The frontier phase is very likely to be skipped for the first few turns (probably first 10-15 minutes) until a player has reached the objective “The great siege of malta”, and both players will need to have reached the objective to resolve a might combat. Otherwise, you’ll resolve zeal combat, which works largely the same way, summing up the total zeal value of all cards in each frontier and then dealing one damage to the frontier if they have the highest zeal total. If players tie, each player deals a single damage to the frontier. Might combat is resolved slightly differently in that you deal damage equal to the amount your might exceeds your opponents might. However, the key here is that if you have not yet reached Malta, you cannot cause damage, you can only effectively prevent your opponent from getting an early head start by ensuring you have a strong presence in Malta to not allow your opponent to claim a significant advantage.

As a Solo experience the game plays very similarly, with some minor rule tweaks, after each deployment the AI bot takes a turn working through its actions artillery, range or deployment, early on I thought I was in for a breeze, as the easy bot has a -1 resource cost, but early game it drew a card that allowed it to play another at –3 discount, meaning there was a big unit present, which was then followed by another as the newly placed card generated resources. And the bot takes end of round actions, which meant another deployment – although at this point it had luckily used its resources. There’s multiple difficulty levels, which speaking as someone who has only played the first two levels, feels like the higher levels most be mountains to climb. As there's a much higher threat level of new units constantly arriving and engaging your forced with ranged attacks.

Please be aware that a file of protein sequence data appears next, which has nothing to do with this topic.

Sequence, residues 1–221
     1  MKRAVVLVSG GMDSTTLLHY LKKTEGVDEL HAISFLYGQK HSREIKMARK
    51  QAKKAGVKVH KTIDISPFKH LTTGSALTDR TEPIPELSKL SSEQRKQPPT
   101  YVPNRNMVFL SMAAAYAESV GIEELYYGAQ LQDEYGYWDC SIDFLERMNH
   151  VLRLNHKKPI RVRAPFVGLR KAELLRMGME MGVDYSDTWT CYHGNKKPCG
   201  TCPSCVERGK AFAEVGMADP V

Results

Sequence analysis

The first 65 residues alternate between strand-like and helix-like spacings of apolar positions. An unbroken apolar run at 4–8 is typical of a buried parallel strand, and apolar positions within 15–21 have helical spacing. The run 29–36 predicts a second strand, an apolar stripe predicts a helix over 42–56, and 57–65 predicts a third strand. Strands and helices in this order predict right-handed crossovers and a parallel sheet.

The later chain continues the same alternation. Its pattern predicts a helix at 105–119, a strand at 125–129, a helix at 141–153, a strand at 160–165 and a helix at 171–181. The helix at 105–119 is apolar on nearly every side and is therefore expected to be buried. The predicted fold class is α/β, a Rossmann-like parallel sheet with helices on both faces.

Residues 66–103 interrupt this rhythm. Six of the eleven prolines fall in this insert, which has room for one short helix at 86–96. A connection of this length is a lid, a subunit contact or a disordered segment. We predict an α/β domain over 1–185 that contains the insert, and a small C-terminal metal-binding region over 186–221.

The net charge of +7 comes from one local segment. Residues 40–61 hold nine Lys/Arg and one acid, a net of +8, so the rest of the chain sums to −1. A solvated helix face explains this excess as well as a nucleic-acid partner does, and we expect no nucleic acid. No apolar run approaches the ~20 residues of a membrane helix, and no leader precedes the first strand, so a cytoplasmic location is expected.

As someone who felt gripped by the artwork, I would have liked a supplementary document or two, to give me a bit more historical background. This is something Fort Circle Games included in everyone of their games and it feels like a nice added touch. Although that’s no complaint, more of a nice to have, but my actual issues are with the rulebook and the lack of examples, there are none, well there is one to show you how cards move up, but no others and it really feels like its missing one or two. I found that I read a rule one way, then would go back, re-read it and then it would click, as much as I love the system and having played it before, it all felt largely familiar, just a few examples could vastly improve the learning experience. Even after a handful of games, I find myself going back to the rules seeking clarifications that could be solved with examples.

As you know, I rate games on a scale of

- Buy or play

- Wait for sale or play if you like game XYZ

- Avoid

This almost, almost gets a buy recommendation. For me this scratches a netrunner/LCG game itch that is immensely satisying. However, I recognise that head to head style of card games aren't for everyone. Fundamentally as much as I love the artwork, that honestly is probably some of the best I've seen recently. The rulebook is where I'd like to see future improvements with examples throughout. If you enjoy head to head style games like Summoners wars, Memoir 44and I'd say even Magic the gathering, pokemon and want to mix up the game system. This gets a easy Play recommendation. However, the war theme and Blood stained battle hardened Character may be slightly off putting to some, maybe a retheme to soft and cuddly teddybears could be more appealing to non-history folk. So 1565 gets a "Wait for Sale or play if you enjoy head to head games". Ultimately, I've really enjoyed my time with 1565 and having spent time thinking about "well if I just did that differently" or "If I'd play that card instead of that card" and that was about games I played at the weekend (it's Thursday as I write this).

Disclaimer: I was sent a copy of 1565 to review by Hall or Nothing. I was not paid for this review. All thoughts remain my own.